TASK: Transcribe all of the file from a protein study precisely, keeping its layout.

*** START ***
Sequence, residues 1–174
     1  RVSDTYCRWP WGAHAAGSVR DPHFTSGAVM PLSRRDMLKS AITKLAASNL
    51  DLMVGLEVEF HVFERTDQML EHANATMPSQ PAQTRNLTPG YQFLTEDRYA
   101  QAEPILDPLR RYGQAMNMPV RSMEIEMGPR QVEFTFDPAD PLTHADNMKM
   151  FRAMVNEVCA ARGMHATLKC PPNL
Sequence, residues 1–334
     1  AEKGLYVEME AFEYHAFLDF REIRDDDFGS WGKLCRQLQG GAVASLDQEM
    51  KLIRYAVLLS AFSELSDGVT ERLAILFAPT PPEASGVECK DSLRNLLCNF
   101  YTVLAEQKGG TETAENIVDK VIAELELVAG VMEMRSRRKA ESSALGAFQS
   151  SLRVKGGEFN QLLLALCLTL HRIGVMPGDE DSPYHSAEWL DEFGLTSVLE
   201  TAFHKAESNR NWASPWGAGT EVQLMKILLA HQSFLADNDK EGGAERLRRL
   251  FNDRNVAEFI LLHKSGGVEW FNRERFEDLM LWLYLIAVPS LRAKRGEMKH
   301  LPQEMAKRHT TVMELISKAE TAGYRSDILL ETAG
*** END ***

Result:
Sequence, residues 1–174
     1  RVSDTYCRWP WGAHAAGSVR DPHFTSGAVM PLSRRDMLKS AITKLAASNL
    51  DLMVGLEVEF HVFERTDQML EHANATMPSQ PAQTRNLTPG YQFLTEDRYA
   101  QAEPILDPLR RYGQAMNMPV RSMEIEMGPR QVEFTFDPAD PLTHADNMKM
   151  FRAMVNEVCA ARGMHATLKC PPNL
Sequence, residues 1–334
     1  AEKGLYVEME AFEYHAFLDF REIRDDDFGS WGKLCRQLQG GAVASLDQEM
    51  KLIRYAVLLS AFSELSDGVT ERLAILFAPT PPEASGVECK DSLRNLLCNF
   101  YTVLAEQKGG TETAENIVDK VIAELELVAG VMEMRSRRKA ESSALGAFQS
   151  SLRVKGGEFN QLLLALCLTL HRIGVMPGDE DSPYHSAEWL DEFGLTSVLE
   201  TAFHKAESNR NWASPWGAGT EVQLMKILLA HQSFLADNDK EGGAERLRRL
   251  FNDRNVAEFI LLHKSGGVEW FNRERFEDLM LWLYLIAVPS LRAKRGEMKH
   301  LPQEMAKRHT TVMELISKAE TAGYRSDILL ETAG